It’s out of the question: Why the Ravine will never see football


There’s a brick wall in right field at Wrigley Field waiting for a Northwestern wideout to run right smack into it this afternoon. It might as well be advertised as an outdoor Arena Football game.

Later today, there’ll be a bunch of Notre Dame football players fighting over Derek Jeter’s locker at Yankee Stadium. Then they’ll hike over to the monuments to see if Babe Ruth approves of this whole spectacle.

Laying a gridiron over a ball diamond can be a dicey, pricey proposition. But also, if done right, very cool.

So when do we start a campaign to push for a USC-UCLA college football game at Dodger Stadium?

In November, 1982, USC president James Zumberge asked Dodgers owner Peter O’Malley if the Trojans would be welcome to toss the pigskin around in his ballyard for the ’83 season. USC had a dispute with the Coliseum Commission over control of luxury boxes planned for the Coliseum (which were never built).

O’Malley tackled that request quickly: “It doesn’t make any sense to play football in Dodger Stadium. … We have the finest baseball stadium in the United States.”

Back at the old Ebbets Field in the late ’40s, the Brooklyn Dodgers football team, as part of the All-American Football League, elbowed its way into that tiny facility. That was a couple of years before O’Malley’s dad, Walter, took control of Dodgers baseball. No more of that.

The baseball-friendly stadium that the O’Malleys built in Chavez Ravine for the Dodgers in the early ’60s – after they were laughed at for carving out a baseball diamond in the Coliseum – once had part of a football field lined in the outfield. But that was just for a TV commercial shoot, says Dodgers team historian Mark Langill.

That’s as close as it’s ever gotten. And probably ever will.

The original Dodger Stadium configuration may have had more foul ground, but sources tell us, they tried to see if a football field would lay over the grounds, and it barely fit as it was. Now, with all the newer permanent box seats pushing things out, would there even be anything close to room for a gridiron?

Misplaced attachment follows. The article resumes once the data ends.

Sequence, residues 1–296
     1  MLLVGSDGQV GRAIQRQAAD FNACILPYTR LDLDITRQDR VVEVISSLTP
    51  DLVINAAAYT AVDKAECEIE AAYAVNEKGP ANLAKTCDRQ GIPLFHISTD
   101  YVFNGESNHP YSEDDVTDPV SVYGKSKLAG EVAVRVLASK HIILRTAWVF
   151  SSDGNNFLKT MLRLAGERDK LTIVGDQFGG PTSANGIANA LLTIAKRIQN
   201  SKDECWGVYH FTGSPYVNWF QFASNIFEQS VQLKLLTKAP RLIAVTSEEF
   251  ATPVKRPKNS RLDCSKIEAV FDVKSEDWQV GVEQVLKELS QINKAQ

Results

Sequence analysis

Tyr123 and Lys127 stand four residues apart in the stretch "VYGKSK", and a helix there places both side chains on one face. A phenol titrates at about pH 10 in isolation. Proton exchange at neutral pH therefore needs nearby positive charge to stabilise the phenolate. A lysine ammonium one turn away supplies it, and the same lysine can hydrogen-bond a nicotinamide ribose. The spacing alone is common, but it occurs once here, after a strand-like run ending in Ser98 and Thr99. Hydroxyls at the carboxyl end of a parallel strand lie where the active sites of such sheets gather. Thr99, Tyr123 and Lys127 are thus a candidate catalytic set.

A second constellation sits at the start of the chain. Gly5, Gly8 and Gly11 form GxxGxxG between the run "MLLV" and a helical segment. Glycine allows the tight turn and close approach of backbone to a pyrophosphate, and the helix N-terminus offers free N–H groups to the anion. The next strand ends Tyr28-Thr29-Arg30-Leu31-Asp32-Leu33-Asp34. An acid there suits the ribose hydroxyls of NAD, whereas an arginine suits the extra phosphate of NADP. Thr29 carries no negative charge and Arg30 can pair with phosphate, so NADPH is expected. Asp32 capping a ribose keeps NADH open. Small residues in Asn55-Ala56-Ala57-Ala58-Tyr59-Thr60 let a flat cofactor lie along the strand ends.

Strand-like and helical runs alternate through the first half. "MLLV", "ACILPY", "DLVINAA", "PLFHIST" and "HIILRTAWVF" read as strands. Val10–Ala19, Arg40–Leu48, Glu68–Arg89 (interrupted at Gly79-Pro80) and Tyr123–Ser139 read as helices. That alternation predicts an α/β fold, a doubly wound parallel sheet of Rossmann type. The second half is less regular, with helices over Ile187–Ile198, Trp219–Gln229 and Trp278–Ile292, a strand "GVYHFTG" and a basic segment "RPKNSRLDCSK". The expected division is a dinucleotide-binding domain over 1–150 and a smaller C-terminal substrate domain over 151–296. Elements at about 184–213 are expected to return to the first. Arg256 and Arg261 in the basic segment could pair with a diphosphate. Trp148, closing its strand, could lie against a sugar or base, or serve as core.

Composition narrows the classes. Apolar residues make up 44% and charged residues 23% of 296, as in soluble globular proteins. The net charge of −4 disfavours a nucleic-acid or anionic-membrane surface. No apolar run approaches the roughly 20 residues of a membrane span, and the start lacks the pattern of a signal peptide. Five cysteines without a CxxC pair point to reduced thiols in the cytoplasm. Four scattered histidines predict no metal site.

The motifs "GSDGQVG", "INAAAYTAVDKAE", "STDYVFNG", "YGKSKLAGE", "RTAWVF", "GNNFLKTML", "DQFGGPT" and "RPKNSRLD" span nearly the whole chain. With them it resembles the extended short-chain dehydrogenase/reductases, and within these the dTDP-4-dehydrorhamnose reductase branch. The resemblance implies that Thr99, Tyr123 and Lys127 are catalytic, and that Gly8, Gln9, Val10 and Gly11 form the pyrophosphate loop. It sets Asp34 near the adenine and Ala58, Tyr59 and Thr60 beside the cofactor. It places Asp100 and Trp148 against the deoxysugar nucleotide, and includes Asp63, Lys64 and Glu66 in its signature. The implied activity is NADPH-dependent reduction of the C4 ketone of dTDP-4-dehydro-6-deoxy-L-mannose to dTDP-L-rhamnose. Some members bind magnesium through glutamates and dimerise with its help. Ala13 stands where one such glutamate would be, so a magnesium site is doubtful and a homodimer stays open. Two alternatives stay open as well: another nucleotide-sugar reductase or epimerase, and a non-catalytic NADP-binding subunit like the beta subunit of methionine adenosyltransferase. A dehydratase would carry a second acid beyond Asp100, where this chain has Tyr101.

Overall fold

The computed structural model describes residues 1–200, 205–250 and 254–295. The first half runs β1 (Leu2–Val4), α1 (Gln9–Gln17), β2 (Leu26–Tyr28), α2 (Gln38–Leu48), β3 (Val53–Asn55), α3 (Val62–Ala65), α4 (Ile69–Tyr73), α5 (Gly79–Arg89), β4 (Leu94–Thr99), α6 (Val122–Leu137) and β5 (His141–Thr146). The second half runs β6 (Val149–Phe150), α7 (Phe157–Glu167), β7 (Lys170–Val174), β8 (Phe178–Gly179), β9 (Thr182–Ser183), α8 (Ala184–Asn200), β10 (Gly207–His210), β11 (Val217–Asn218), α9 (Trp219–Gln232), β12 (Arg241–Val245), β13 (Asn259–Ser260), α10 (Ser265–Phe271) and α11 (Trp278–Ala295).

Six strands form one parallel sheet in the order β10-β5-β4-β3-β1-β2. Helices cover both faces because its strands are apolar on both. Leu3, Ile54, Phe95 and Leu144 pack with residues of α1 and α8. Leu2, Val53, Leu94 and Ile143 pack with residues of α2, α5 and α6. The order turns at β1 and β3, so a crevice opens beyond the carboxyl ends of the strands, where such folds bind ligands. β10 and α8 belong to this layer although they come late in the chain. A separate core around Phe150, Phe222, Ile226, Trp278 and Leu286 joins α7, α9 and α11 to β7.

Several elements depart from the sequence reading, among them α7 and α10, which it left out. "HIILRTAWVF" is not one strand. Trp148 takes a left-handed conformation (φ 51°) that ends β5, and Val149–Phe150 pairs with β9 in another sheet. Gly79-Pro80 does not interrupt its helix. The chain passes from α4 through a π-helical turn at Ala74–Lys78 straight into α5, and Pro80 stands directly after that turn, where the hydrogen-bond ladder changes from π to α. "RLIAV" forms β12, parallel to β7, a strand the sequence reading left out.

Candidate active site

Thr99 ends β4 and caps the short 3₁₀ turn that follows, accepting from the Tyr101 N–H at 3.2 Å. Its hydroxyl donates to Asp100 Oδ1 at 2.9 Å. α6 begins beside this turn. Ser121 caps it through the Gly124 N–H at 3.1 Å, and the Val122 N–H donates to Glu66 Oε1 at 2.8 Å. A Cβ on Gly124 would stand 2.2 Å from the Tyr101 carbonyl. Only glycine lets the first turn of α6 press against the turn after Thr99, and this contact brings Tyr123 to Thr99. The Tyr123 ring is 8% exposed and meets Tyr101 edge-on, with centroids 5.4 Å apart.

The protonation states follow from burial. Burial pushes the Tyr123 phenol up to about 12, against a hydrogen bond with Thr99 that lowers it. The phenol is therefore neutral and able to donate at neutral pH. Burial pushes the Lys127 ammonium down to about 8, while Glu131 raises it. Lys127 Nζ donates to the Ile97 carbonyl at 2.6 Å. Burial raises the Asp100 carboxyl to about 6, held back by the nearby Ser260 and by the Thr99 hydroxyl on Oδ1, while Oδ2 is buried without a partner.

“It could work, but it might be awkward,” Langill said. “I just know that I’ve never seen a proposal for a field, as far as someone laying out a blueprint.”

Football, ironically, was the last straw to O’Malley owning the Dodgers. In the late ’90s, he entertained ideas of building a football stadium in the Dodger Stadium parking lot, to lure an NFL team back to L.A. But mayor Dick Riordan told him the city would be better focused on fixing up the Coliseum. O’Malley took his baseball and went home.

Dodger Stadium has hosted a Papal Mass and a boxing match, a basketball game with the Harlem Globetrotters, and concerts by the Beatles, Rolling Stones, Elton John, Bruce Springsteen, Madonna, U2 and the Three Tenors. They once set up a ski-jump ramp over the right-field stands, but the snow machine didn’t work.

In January, the Dodger Stadium grounds will be covered in tons of dirt so that (egads) a motocross can happen for the first time.

But football?

Punt that idea right now.

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